Two students in Lyam Gabel and Will Lowry’s first-year seminar collaborate on a project that includes AI-generated images to create performance art on Sept. 6, 2023, at Zoellner Arts Center. Tools like Chat-GPT and Dall-E are being embraced in the art departments at Lehigh. (Holly Fasching / B&W Staff)

Artificial intelligence’s place in the classroom


The rapid evolution of artificial intelligence, commonly referred to as “AI,” has infiltrated college curriculums and students’ classes, with many Lehigh professors adjusting their teaching methods and syllabi in response. 

AI’s efficiency is leading to enhanced productivity that will have a profound effect on the future of education and employment. Marketing, business, computer science and journalism majors are among the most prominently impacted. 

Emily Gobreski, a professor of business communications, incorporates AI into her students’ assignments. 

She said her curriculum includes drafting emails and creating a resume, for which she now allows students to use AI as a tool. 

The AI resume checker and AI “Big Interview” are two specific tools she is a proponent of. She said the interview tool grades students based on how many times they use the words “like” or “um,” their speaking rate and whether their responses fit the interview questions.

“(AI is) almost a double-edged sword,” Gobreski said. “It’s a very powerful tool.”

Gobreski said she was never resistant to AI and now sees it like a calculator. 

“In elementary school, you have to know how to add, subtract and divide to work a calculator and trust its output,” Gobreski said. “I believe it’s the same with business communication writing. You learn the basics and then one day can use AI as a resourceful tool for assistance.” 

Kylie Hogan, ‘27, a marketing major, is a student in Gobreski’s class that uses the AI “Big Interview” technology. 

She said the integration of AI into her academic curriculum has enhanced her readiness for the marketing field. 

“The insights for AI feedback allow us to present our strongest profiles as we embark on our job search journey,” Hogan said. 

In addition to courses within the business school, the journalism department has also seen a rise in the use of AI.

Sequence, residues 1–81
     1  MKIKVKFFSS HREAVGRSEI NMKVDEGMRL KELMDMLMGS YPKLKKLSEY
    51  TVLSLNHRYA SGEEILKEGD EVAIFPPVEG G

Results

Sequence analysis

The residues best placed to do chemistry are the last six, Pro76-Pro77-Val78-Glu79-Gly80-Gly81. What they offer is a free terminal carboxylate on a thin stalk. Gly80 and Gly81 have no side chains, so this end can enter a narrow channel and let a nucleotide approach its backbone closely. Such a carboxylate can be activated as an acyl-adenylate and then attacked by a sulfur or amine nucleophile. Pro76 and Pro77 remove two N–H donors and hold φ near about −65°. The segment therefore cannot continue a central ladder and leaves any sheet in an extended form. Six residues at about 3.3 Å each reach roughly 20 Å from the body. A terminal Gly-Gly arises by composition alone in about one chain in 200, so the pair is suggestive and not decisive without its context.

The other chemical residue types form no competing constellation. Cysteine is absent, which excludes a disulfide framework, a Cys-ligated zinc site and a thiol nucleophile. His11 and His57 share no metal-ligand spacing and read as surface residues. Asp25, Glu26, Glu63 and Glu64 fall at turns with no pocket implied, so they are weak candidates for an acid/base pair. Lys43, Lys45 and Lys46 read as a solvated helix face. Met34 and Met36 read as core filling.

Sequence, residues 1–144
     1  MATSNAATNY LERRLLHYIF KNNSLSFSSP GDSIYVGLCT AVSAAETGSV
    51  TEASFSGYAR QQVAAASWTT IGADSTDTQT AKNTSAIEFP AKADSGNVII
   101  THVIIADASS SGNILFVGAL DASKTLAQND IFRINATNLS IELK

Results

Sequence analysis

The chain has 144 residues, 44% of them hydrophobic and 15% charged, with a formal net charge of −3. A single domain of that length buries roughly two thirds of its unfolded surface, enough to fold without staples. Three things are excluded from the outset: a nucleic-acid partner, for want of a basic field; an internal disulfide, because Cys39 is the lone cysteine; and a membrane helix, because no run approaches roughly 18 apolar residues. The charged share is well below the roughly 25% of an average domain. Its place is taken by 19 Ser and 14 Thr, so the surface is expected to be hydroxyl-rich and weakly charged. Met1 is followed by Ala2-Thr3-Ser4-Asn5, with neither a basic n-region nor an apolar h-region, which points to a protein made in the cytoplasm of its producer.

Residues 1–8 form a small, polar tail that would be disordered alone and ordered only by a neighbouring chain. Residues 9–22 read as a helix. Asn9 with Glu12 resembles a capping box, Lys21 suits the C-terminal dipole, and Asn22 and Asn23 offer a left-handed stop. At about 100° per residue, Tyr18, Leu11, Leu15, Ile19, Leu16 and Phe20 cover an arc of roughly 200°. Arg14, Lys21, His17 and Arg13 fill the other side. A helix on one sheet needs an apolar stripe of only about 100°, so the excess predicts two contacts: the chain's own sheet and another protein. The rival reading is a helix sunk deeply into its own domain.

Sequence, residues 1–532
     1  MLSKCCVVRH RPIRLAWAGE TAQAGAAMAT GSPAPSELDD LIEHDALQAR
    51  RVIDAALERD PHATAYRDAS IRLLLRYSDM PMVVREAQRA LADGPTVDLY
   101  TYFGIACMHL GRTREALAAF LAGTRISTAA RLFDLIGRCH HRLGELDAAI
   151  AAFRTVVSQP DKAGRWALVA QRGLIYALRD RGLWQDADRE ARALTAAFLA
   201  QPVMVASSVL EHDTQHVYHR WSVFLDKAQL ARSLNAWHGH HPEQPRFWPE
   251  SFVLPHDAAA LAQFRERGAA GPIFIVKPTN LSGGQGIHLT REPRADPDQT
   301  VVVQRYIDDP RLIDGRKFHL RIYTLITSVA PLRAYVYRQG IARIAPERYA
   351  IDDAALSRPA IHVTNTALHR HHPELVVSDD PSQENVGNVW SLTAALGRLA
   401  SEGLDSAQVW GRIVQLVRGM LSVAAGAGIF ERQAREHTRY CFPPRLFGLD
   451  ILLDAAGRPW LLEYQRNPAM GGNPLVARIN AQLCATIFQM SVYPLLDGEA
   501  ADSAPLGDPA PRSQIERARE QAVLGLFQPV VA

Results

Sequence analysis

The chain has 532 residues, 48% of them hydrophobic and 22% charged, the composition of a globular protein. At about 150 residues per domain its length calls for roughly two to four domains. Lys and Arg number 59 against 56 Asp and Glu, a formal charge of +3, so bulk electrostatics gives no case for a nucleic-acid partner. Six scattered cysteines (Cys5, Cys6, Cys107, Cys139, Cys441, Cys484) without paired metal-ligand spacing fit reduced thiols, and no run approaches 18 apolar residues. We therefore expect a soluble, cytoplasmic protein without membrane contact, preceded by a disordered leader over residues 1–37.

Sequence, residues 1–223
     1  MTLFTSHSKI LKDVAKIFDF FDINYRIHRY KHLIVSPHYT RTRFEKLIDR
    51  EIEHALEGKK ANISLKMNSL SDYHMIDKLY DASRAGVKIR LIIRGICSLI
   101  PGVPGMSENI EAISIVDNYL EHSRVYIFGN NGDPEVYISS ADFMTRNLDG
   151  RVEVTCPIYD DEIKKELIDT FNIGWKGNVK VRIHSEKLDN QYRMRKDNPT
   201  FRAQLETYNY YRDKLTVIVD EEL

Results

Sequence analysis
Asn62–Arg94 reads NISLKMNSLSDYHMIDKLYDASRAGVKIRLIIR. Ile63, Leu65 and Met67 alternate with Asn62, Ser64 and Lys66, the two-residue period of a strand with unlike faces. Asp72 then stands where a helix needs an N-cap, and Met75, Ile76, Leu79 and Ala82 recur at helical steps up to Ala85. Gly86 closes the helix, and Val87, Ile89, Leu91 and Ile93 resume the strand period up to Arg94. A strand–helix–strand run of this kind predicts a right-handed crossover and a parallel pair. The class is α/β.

While some professors have used AI as a tool in the classroom,  others remain concerned with its use in the field.

John Vilanova, a journalism and communications professor, said he is concerned with AI’s accuracy, as its responses can sometimes be patently false. 

“You have these technologies that we like to think are going to be neutral and not going to have hidden opinions, hidden biases, but the reality is that they are very much informed by the world that made them and the profit and motives around them,” Vilanova said. 

He said AI’s current technology is fact-based and impersonal, putting itself and reporting in separate ballparks.

Vilanova said there will come a time when AI can lead interviews, but he is unsure how the technology will compete with a human reporter. 

“Will it get to know me? How good will it be at following up questions (or) respecting me?” Vilanova said. “I wouldn’t want to tell a robot my life experiences.”

Vilanova said he believes AI can never replace the significance of speaking to real people. 

“(AI) can’t give you the feeling of what it was like to have been in the room,” Vilanova said. “It can’t give you the sort of human experience of going and talking to someone about what participating in (a specific) event was like.”

He said ChatGPT is damaging in the journalism classroom because students should be doing their own writing and developing their own style. 

Getting the perfect grade, he said, should be of lesser concern than journalistic style development. 

“I’m definitely a little disheartened, because I think despite all the ways that I’ve been trying to remake things, (ChatGPT) is still being abused at a rate that I’m not comfortable with,” Vilanova said. 

In another academic sphere, computer science majors are learning how to write and interpret code. However, AI is not yet capable of solving coding errors for them.  

Brian Davison, a computer science and engineering professor, said despite AI’s abilities to program and code, students are tested on their understanding of what the code is saying. 

Davison said other computer science courses use AI as a “tutor” to answer complex questions. 

Students can describe a problem and ask an AI chatbot to either tell them how to address the problem or to design a particular solution, he explained. The chatbot then comments on whether the answer is acceptable or whether it’s still missing something. 

“The system might not be 100% correct, but it does a good job in teaching or tutoring someone in a topic, and it’s a great way to utilize it,” Davison said. 

Edmond Sarkissian, ‘27, is majoring in computer science and business and said he sees AI used often in the classroom. 

He said he has seen many students use AI to cheat on assignments and get them done quicker.

Despite this, he said he views AI as a positive development overall, and his resistance to it has lessened with the advancements the technology has made in recent years. 

He said he plans to study artificial intelligence more in the future. 

“AI has proven helpful in education, and I think AI will continue to benefit my major in the following years,” Sarkissian said. 

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